Anyway, as new members joined the weekly trance channeling sessions, they were informed as to whether they were a soul or an entity, and if they were an entity a guide was identified. It took time for new guides to be able to speak through Aviva, as it was said that they had to first “learn the energies” of the medium, Aviva, to be able to speak through her. Souls, obviously discouraged by the fact that they were not entities and thus had no guide to speak to, often left the group. However, a few, spellbound by the lessons and teachings imparted by the guides, stuck around and kept attending sessions. It seemed as if they were in contact with beings on the other side, giving them a treasure trove of knowledge about life and reality. They were lectured on life on the lost continents of Lemuria and Atlantis, told about their past lives, counseled on how to deal with problems in their lives, given knowledge of the inner workings of the mind, told about the guide-charge relationship, informed about how karma works, how we plan for our next life in the between lives state and so much more.

Guides were said to each have many earthly charges who they watch over and help nudge in the right directions and stay true to their between life intentions for the current life. Like guardian angels, guides said they could also intervene physically, such as infiltrating a drivers mind to increase attentiveness before a dangerous situation arose on the road ahead of them.

Joe was always a little skeptical of the guides’ pronouncement that humanity was split into two different streams, souls and entities. He describes his confusion of how Bernard Vesey was said to be a soul, when Joe knew that he was “an individualist of considerable perception, a keen seeker after truth and a student of metaphysics.” Nevertheless, he put his skepticism aside. He was enthralled with his guide, Filipa, who said she and Joe were lovers in a past life in Greece. This hit a soft spot in Joe, whose terrestrial love life had been suffering. Over time, he became emotionally attached to Filipa. He says, “Filipa and I seemed to think alike, feel alike and see the world from a near-identical perspective.” “No matter what I said or how I said it, my words were always interpreted just as I had intended them to be.”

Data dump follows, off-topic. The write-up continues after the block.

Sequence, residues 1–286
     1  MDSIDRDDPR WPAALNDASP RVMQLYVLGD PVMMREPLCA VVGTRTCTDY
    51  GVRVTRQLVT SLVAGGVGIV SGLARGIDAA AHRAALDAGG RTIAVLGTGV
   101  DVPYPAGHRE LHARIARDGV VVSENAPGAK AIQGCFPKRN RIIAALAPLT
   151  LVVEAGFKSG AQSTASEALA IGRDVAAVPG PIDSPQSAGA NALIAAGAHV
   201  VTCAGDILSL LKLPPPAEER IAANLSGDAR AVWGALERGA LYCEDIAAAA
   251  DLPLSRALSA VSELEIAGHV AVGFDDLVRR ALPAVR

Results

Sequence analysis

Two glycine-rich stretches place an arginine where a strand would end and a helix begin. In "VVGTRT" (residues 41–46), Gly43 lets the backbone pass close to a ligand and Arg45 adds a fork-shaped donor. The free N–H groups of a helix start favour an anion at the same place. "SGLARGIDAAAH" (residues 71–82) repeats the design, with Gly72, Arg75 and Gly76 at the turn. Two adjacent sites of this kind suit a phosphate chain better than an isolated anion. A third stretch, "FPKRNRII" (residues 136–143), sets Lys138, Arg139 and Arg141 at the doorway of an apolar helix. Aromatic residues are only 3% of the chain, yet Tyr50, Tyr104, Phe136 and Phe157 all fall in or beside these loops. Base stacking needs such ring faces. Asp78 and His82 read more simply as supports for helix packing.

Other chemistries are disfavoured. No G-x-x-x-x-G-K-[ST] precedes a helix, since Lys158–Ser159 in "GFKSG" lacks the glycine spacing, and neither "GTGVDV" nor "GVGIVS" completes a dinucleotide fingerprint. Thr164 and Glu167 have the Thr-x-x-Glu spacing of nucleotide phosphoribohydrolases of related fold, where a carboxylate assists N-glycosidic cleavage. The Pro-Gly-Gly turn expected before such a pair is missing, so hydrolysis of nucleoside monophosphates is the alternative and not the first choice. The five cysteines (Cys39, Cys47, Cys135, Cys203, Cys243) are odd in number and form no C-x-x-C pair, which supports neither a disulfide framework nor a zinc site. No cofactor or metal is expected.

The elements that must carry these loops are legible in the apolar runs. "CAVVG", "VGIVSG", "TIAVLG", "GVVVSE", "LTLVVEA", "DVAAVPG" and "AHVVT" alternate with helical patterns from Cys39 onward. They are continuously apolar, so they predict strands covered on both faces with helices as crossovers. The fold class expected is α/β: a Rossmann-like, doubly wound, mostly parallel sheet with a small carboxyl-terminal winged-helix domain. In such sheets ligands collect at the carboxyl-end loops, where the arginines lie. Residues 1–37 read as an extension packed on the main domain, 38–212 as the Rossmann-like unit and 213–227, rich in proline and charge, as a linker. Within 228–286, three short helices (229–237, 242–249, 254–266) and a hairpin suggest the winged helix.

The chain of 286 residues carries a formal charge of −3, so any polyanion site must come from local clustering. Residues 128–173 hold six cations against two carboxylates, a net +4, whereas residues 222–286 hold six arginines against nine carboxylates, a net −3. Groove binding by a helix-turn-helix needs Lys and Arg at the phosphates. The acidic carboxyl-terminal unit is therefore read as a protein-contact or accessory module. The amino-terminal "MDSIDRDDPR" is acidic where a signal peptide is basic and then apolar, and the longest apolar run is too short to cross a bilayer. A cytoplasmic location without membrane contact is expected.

She asked him to try to make contact with her by meditating in his study room and clearing his mind. It took a while, but he eventually saw a clear image in his meditation of “a dusty pathway winding past two large boulders and leading in the distance to a stand of tall, spindly trees.” At the next session with Aviva, Filipa informed Joe that that was their spot, presumably where they would go for their romantic liaisons in the life they shared in Greece in the 18th century. They would talk every Friday night, which was when Aviva held the trance sessions, they had pet names for each other and it was as if Filipa was his lover in the afterlife, a lover who knew him and understood him better than any living human woman could ever hope to. Indeed, Joe ended at least two relationships in part because of Filipa. He started communicating with her daily in his own mind, stating that he could feel her presence when he experienced a buzzing in his ears—then he knew she was there with him.

At this point, far from any evidence that Filipa was an actual human spirit in the afterlife communicating through the medium, there seemed, at the very least, evidence of telepathy with the medium as Joe describes how on several occasions Filipa described situations familiar to himself but to no one else in attendance.

Besides being able to talk to his long lost lover, Joe was excited to speak to the guides in order to gain knowledge about a subject dear to his heart—reincarnation and the afterlife. He planned to write a book about their teachings, but knew that to overcome peoples’ skepticism he must first establish their credibility. Obviously, he couldn’t prove anything they said about the mind or the afterlife, or what life was like in Atlantis. But he could prove that they had indeed lived on Earth before by investigating their past life claims. If he could just prove that the guides could supply knowledge of a life they lived on Earth in the past, knowledge of dates, events, descriptions of the area where they lived, experiences and people they knew which could be verified through research of records and possibly interviews with surviving people from that life who knew them. And this would have to be knowledge that the medium herself could not have known through TV, books, history classes, etc… If he could do that—prove their credibility—in that area at least, he thought it would lend credibility to all the other pronouncements they made on things like what happens after we die.

The guides, surprisingly, made it easy for Joe, answering all his questions about their most recent past lives and giving ample information , so that Joe could research whether or not that person actually existed by investigating. He decided the easiest to verify would be the claims of a guide named Ernest, who said he had been a bomber pilot in the Royal Air Force during WWII. Joe figured that through war records and surviving veterans, he should be able to verify his existence. He claimed he was Flying Officer William Alfred Scott of 99 Squadron, Group Three, Bomber Command. He provided his birthplace, the university he attended and a wealth of information about life as a bomber pilot, information the medium, Aviva, was unlikely to know anything about.

Here is an example of the type of obscure knowledge he would provide: